WASHINGTON — The Air Force has disciplined 15 military personnel for dereliction of duties after an inquiry into Jack Teixeira, an Air National Guardsman who was accused this year of posting classified documents online.
An Air Force inspector general investigation concluded that people in Airman Teixeira’s unit, the 102nd Intelligence Wing at Otis Air National Guard Base on Joint Base Cape Cod, in eastern Massachusetts, failed to take proper action after becoming aware of the airman’s intelligence-seeking activities.
But the inquiry, which was made public on Monday, found no evidence that members of Airman Teixeira’s chain of command had been aware of his activities.
As a result of the investigation, 15 enlisted personnel and officers faced disciplinary action beginning in September, the Air Force said in a statement. Col. Sean D. Riley, the wing commander, was relieved of his command, it added.
The inspector general’s inquiry was separate from a criminal investigation into the actions of Airman Teixeira being led by the Justice Department. Airman Teixeira pleaded not guilty to six counts of federal criminal charges in June, two months after his arrest.
Frank Kendall, the secretary of the Air Force, directed the service’s inspector general to look into the wing, where Airman Teixeira had served as an information-technology specialist. The inquiry also examined how the airman had been able to post hundreds of national security documents in a chat room. From there, the documents had drifted to Twitter and to the messaging platform Telegram.
New questions about the command surfaced in May, when a Justice Department filing revealed that Air Force officials had caught Airman Teixeira taking notes and searching for classified material months before he was charged but did not remove him from his job.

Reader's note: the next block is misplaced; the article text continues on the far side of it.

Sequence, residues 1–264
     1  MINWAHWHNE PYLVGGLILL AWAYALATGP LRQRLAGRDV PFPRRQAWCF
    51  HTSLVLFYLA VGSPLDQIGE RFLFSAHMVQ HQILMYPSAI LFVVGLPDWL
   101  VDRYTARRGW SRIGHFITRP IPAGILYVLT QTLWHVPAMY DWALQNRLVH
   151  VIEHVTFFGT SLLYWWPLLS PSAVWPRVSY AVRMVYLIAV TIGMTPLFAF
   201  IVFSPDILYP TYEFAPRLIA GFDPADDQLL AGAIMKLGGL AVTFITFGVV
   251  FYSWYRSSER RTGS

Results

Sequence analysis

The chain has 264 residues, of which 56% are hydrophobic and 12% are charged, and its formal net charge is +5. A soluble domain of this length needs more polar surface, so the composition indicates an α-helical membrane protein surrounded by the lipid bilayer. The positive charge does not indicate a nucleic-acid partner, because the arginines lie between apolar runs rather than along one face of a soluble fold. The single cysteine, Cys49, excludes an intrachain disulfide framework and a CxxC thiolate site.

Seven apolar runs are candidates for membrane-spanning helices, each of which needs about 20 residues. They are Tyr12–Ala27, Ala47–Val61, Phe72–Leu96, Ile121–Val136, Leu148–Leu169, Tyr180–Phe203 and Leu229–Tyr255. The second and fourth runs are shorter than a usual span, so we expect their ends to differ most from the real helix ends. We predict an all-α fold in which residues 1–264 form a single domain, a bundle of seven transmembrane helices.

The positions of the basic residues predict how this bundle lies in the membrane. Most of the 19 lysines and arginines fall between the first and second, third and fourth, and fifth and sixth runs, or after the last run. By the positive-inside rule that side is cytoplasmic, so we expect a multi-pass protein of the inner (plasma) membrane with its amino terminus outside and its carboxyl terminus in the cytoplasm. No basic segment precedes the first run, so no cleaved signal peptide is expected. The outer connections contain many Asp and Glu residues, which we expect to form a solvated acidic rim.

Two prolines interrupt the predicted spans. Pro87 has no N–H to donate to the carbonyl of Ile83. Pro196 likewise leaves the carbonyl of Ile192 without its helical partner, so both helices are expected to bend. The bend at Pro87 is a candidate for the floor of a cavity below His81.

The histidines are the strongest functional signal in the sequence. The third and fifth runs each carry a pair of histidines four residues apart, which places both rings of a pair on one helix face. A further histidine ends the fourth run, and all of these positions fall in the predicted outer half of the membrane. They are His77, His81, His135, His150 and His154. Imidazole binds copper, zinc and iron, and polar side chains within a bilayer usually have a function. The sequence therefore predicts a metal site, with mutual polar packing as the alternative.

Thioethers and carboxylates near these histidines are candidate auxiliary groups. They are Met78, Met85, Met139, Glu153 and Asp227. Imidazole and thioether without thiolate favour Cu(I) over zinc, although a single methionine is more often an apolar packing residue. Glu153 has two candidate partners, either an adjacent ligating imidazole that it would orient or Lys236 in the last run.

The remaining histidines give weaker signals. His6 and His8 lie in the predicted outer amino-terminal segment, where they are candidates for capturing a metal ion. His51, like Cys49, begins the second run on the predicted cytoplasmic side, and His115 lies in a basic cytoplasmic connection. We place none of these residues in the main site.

On two occasions, in September and October 2022, the airman’s superiors at Otis Air National reprimanded him after reports that he had taken “concerning actions” while handling classified information. Those included stuffing a note into his pocket after reviewing secret information in his unit, according to the court filing.
That information raised questions about whether the military had missed opportunities to stop or limit one of the most damaging intelligence leaks in recent years.
The Air Force statement said indirect factors that had enabled Airman Teixeira’s unauthorized disclosure included “the failure of commanders to adequately inspect areas under their command, inconsistent guidance for reporting security incidents” as well as “inefficient and ineffective processes for administering disciplinary actions, lack of supervision/oversight of night shift operations and a failure to provide security clearance field investigation results.”
In the statement, Mr. Kendall said that “every airman and guardian is entrusted with the solemn duty to safeguard our nation’s classified defense information. When there is a breach of that sacred trust, for any reason, we will act in accordance with our laws and policies to hold responsible individuals accountable.”